“Titans’” Ryan Potter discusses Asian Pacific representation in the film and television industry

Lydia Tsou/HIGHLANDER

Last Thursday, UC Riverside’s Asian Pacific Student Program (APSP) hosted a Q&A event at HUB 302 at 7 p.m. featuring Asian American actor Ryan Potter. The young actor is best known for his roles as the voice of Hiro Hamada in “Big Hero 6” and Mike Fukanaga in “Supah Ninjas.” Potter has recently gained more attention after being cast as Gar Logan/Beast Boy in the superhero television series, “Titans.” He was received by an ecstatic audience of over 100 students. The Q&A began with an introduction of Potter’s acting credits and his charity work such as Toy Box of Hope, which is a charity that he founded in 2011 to give gifts to youths who are living in homeless shelters and transitional facilities in Los Angeles. Despite being born in Oregon, Potter grew up in Japan for the first seven years of his life until moving back to the United States. He opened the discussion with his experiences being white and Japanese, and how his success with being the first biracial Disney character in “Big Hero 6” was to him, a sign of progress towards Asian culture being more commonly represented.

Potter was asked a series of questions by the APSP coordinators to move the discussion along. Potter admitted that he never felt a connection to acting until recently. He explained that he has felt a connection with the movement of cultural representation in the film industry and its rapid expansion around the last five years. Potter commented that his favorite role was on a skit for the Wong Fu Productions short film, “Save the Date.” He connected this to the topic of cultural representation, stating that, “(filmmakers) have continued to show what Asian Americans are. Just normal human beings living in America who just happen to look and maybe talk a little bit different.”

Explaining what it feels like to be an Asian American actor in an increasingly diverse industry, Potter replied, “It’s kind of like watching the sun come up … It’s like you have a new day.” He mentioned the work of Asian American George Takei, who raised expectations for representation, and how it compares to his own career starting at such a high point. Potter asserted, “We need more people from our community to tell our stories. We don’t have other people from other ethnic communities telling our stories.”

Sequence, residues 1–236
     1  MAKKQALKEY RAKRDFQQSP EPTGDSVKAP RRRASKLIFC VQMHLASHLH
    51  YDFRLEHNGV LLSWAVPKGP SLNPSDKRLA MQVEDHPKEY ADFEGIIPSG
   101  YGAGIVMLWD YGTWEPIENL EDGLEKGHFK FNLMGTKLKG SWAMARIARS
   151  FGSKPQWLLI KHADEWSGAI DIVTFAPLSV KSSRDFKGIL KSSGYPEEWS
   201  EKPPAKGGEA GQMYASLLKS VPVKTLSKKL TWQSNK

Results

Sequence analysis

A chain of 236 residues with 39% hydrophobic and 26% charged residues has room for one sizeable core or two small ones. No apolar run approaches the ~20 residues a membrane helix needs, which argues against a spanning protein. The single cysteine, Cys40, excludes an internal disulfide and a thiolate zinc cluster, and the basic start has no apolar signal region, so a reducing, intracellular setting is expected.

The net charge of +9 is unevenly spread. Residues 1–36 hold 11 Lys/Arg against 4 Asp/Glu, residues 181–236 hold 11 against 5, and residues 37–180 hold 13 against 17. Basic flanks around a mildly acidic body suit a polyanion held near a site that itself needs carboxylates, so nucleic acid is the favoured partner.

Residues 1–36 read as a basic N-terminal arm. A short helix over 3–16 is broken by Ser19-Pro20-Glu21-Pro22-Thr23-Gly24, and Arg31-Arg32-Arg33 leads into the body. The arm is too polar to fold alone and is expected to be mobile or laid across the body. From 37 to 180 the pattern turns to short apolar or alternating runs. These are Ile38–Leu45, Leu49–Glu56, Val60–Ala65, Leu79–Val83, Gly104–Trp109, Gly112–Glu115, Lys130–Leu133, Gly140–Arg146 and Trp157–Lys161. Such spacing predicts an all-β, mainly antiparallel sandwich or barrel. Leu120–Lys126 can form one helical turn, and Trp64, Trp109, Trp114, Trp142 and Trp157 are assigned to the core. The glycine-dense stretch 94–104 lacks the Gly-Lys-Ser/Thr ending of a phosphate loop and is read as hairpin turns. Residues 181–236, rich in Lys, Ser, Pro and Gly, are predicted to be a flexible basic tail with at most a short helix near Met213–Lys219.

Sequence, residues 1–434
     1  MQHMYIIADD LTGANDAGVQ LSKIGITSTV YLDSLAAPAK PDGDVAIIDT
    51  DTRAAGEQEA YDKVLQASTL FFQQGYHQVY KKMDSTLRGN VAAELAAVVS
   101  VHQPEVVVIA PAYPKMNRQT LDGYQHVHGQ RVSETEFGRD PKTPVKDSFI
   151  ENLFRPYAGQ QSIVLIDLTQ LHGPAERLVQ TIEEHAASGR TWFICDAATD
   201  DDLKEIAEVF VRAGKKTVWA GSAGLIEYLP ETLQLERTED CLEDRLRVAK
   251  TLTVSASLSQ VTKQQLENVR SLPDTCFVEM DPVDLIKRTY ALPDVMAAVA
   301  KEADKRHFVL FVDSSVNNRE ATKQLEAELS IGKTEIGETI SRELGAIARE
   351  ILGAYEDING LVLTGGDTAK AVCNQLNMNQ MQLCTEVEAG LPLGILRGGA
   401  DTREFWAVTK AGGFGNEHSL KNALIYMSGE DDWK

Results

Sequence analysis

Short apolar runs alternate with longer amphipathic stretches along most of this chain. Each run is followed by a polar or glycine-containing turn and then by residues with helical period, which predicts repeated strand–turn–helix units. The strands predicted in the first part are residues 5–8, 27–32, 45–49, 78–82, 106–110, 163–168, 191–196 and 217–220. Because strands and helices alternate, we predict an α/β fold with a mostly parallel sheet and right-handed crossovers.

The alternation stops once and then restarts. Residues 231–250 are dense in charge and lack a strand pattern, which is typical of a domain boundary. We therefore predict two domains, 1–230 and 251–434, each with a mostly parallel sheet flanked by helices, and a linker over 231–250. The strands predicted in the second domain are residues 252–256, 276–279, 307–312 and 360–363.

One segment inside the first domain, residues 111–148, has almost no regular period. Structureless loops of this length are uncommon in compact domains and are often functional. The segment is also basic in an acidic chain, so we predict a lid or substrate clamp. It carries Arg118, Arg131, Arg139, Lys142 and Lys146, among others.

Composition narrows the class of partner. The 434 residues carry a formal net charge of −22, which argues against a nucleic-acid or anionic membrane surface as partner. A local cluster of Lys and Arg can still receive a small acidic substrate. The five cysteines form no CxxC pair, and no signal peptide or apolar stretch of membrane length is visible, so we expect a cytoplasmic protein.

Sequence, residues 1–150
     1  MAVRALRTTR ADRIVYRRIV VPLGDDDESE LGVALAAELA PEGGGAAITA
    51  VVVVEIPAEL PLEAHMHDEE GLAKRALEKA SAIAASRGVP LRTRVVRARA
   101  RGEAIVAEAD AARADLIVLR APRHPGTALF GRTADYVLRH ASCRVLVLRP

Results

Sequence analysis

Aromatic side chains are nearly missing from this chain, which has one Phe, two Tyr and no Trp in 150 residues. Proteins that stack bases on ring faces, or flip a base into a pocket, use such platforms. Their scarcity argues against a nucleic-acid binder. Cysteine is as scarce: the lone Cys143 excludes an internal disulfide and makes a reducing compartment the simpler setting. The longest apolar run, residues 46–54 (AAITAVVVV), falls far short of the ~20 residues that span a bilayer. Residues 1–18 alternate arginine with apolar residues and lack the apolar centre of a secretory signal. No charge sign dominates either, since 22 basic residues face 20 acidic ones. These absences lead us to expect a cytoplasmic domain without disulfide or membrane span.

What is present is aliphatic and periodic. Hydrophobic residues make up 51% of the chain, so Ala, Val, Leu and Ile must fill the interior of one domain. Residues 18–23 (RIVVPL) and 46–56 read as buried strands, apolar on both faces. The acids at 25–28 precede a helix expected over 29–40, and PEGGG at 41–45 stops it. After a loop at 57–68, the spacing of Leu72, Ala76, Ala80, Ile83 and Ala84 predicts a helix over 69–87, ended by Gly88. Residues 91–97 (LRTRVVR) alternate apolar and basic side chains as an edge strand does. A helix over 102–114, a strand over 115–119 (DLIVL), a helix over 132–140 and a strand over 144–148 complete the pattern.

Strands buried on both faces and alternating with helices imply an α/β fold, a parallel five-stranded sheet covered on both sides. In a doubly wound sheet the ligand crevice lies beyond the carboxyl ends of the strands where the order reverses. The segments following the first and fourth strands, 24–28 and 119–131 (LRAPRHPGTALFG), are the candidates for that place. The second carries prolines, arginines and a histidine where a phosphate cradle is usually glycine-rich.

He further explained the necessity for authenticity and honest writing, adding, “Sometimes when you hear people of other backgrounds write dialogue for you, it feels weird. Like I would never say this. But I get it. I’m an actor. I’m supposed to act. I’m supposed to read the lines that are on the page. But also, if you want to hire me as the ‘Asian American’ kid, you have to represent me and show me in the right light. You can’t just have me as a token.”

Lydia Tsou/HIGHLANDER

“…if you want to hire me as the ‘Asian American’ kid, you have to represent me and show me in the right light. You can’t just have me as a token.”

Potter also spoke about the charity organization he started, Toy Box of Hope,which raises funds for different homeless shelters around LA through toy, blanket and fundraising drives. He stated that homelessness is an epidemic and that it is not discussed by many actors or actresses because it is not an appealing issue. Potter ended his answer saying, “It’s an organization that I started as kind of a catalyst to push forward a message of trying to take care of our neighbors and trying to take care of the people who live in our city and people who deserve second chances. Unfortunately, not that many people feel that way.”

After the official Q&A concluded, APSP opened the discussion for audience questions. One audience member asked whether Potter sees more actors of South Asian descent coming into the DC Universe-based films, in reference to Potter’s role as a DC superhero on “Titans.” Potter answered the question in a general sense by explaining that the roles for Asian-origin characters are there, depending on what directors want. Potter added that what is important is the establishment of roles that do not backtrack on accurately representing Asians. When the audience ran out of questions there was a long line set up to take photos with Potter.

Potter told the Highlander that he had been turned down roles for being too white or too dark and that there are still problems to overcome in the film industry. He emphasized, however, that there is progress happening.

APSP’s next event is Celebrating API Womxn as part of APSP’s 369 series on Tuesday, March 5 at 12 p.m. in the APSP office.

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